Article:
John McDonnell will tomorrow (Saturday) join a massive rally in Parliament Square where protesters will demand that the people, not the powerful, have the final say on Brexit.

The Shadow Chancellor will speak from the People’s Vote platform on the same day as MPs will take part in crunch votes over Boris Johnson’s destructive hard Brexit plan.

His presence at the demonstration will send a signal to Labour MPs and supporters that his party is now uniting around support for a Final Say referendum and opposition to proposals that would destroy jobs and businesses.


Mr McDonnell said:

“I'm proud to stand with hundreds of thousands of people in demanding that they, not wealthy, privileged and out-of-touch hard-right Tory MPs, have the final say on what is an even worse deal than Theresa May's.

“Our policy is clear: Let the people decide.”


Huge numbers of people are expected to march from Park Lane to Parliament in one of the biggest and most important protests Britain has ever seen.

Boris Johnson is planning to be inside the gates of Parliament for an emergency debate on his Brexit. But the people – young and old, left and right, from every corner of the country – will be in Parliament Square outside to make their demand for the Final Say heard above the chaos.


Among them will be Pauline Hardman, a mother-of-four from the mining village of Ushaw Moor in County Durham who did not vote in the 2016 referendum and who will be travelling to London for the first time. She said:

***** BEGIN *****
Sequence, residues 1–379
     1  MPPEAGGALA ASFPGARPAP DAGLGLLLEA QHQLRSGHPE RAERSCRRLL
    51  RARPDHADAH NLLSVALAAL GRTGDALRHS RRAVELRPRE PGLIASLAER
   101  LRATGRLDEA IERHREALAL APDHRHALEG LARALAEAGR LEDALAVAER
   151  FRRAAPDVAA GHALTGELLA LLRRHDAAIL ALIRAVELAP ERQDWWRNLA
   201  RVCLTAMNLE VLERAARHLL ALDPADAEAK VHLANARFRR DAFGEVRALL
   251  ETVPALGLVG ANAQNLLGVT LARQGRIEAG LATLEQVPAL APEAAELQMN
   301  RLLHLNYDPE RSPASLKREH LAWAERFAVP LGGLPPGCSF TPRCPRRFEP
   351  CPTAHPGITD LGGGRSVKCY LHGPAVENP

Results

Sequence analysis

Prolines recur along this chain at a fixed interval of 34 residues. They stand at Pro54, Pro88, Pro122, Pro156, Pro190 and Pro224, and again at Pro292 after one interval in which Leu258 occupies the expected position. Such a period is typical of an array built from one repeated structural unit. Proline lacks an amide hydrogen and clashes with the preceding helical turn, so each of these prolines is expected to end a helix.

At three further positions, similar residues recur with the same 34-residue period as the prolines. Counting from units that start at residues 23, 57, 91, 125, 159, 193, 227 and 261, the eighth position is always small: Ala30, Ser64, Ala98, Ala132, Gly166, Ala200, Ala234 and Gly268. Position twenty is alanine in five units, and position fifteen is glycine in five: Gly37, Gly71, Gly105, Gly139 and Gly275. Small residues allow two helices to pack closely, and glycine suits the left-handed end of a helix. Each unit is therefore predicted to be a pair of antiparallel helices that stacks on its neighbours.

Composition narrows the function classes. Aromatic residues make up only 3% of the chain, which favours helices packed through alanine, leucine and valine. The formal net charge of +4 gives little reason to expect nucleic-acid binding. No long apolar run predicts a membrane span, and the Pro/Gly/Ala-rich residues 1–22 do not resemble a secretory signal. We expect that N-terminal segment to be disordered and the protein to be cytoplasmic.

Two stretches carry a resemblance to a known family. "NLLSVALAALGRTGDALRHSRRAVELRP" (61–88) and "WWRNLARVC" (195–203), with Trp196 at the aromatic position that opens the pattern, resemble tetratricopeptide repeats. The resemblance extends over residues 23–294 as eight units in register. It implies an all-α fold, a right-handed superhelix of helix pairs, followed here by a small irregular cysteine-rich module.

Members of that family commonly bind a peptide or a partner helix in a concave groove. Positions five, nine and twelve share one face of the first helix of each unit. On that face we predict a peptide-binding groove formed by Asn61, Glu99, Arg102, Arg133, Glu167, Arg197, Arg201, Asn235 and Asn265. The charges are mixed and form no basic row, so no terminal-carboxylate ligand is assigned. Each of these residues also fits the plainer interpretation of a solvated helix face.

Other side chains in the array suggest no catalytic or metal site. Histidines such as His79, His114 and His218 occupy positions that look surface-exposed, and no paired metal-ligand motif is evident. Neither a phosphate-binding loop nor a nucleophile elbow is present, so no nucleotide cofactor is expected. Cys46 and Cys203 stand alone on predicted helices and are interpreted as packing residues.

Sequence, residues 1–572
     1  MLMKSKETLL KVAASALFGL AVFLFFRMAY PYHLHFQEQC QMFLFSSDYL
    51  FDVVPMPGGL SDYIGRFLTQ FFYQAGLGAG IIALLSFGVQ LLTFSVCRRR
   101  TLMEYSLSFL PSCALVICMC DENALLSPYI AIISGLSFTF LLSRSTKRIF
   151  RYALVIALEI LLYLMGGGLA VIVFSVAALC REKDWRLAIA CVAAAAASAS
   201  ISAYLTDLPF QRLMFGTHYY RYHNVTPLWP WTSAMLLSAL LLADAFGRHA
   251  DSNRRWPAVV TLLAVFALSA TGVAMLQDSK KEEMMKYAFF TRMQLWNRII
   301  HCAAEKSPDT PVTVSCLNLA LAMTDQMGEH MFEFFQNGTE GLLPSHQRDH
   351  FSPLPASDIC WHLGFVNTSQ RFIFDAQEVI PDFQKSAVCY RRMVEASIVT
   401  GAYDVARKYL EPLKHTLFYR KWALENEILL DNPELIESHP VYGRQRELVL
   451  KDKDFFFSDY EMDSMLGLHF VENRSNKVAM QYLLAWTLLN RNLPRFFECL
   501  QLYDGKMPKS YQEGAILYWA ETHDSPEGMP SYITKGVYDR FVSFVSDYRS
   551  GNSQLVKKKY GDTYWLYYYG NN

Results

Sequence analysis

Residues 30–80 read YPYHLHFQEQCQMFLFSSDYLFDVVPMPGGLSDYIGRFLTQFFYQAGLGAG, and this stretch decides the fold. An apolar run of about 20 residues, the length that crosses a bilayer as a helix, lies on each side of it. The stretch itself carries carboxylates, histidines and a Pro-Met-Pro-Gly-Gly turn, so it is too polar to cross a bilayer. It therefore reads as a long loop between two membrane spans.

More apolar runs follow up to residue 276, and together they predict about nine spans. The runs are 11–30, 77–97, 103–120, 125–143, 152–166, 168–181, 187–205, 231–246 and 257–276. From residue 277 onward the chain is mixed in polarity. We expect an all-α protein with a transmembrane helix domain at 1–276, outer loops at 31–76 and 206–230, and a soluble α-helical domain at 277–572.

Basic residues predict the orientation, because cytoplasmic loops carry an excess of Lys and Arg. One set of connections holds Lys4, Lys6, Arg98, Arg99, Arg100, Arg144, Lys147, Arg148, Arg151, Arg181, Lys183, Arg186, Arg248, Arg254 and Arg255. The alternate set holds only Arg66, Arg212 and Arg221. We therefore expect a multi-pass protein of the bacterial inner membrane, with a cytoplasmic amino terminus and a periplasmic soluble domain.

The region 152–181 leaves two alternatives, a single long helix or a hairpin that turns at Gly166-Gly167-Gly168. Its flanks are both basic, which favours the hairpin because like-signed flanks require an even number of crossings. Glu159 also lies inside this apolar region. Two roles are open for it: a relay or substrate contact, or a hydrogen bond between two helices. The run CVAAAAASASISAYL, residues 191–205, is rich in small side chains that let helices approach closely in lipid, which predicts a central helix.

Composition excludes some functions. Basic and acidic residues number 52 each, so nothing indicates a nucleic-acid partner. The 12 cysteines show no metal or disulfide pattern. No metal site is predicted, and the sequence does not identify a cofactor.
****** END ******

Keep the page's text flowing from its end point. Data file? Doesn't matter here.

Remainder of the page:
“On Saturday, I'm going to London for the first time in my life to join the People's Vote march for the Final Say. Like many thousands of people in the North East, I want a better future and more opportunity for my children, and I don't think it's right that people like Boris Johnson get to force a damaging Brexit on this country without the people being given the final say.

“People in mining villages like mine are getting more and more worried about the damage Brexit will cause, we can see it's a million miles from what was promised back in 2016, we know this matters and we want to have our say.

“If you read the newspapers, you'd think that everyone in the North East thinks exactly the same way, that we all want Brexit whatever the cost, but that's not what I hear when I speak to my neighbours and friends. We know the facts of Brexit now, we know the damage it will cause and we know our part of the country will be hit first and hardest. The more we learn about Brexit, the more I see people changing their minds.”


Another marcher will be 97-year-old Brigadier Stephen Goodall, who served the British armed forces in the Far East during World War II and is travelling to the protest from his home in South Devon. He said:  

“Nearly eighty years ago I fought to create peace, and on Saturday four generations of my family will march to keep that peace, to keep Europe together and to do the best thing for our country rather than what's best for short term politics.

“I'm 97 years old, my knees are knackered from playing rugby, and I'll be in a wheelchair, but as long as I'm still alive and kicking, I'll march to defend the democracy I've always fought to protect.”


Joanne Chapman is part of a group who have cycled from Sheffield to Brussels and will be getting back on her bike to get to London for the march on Saturday. She said: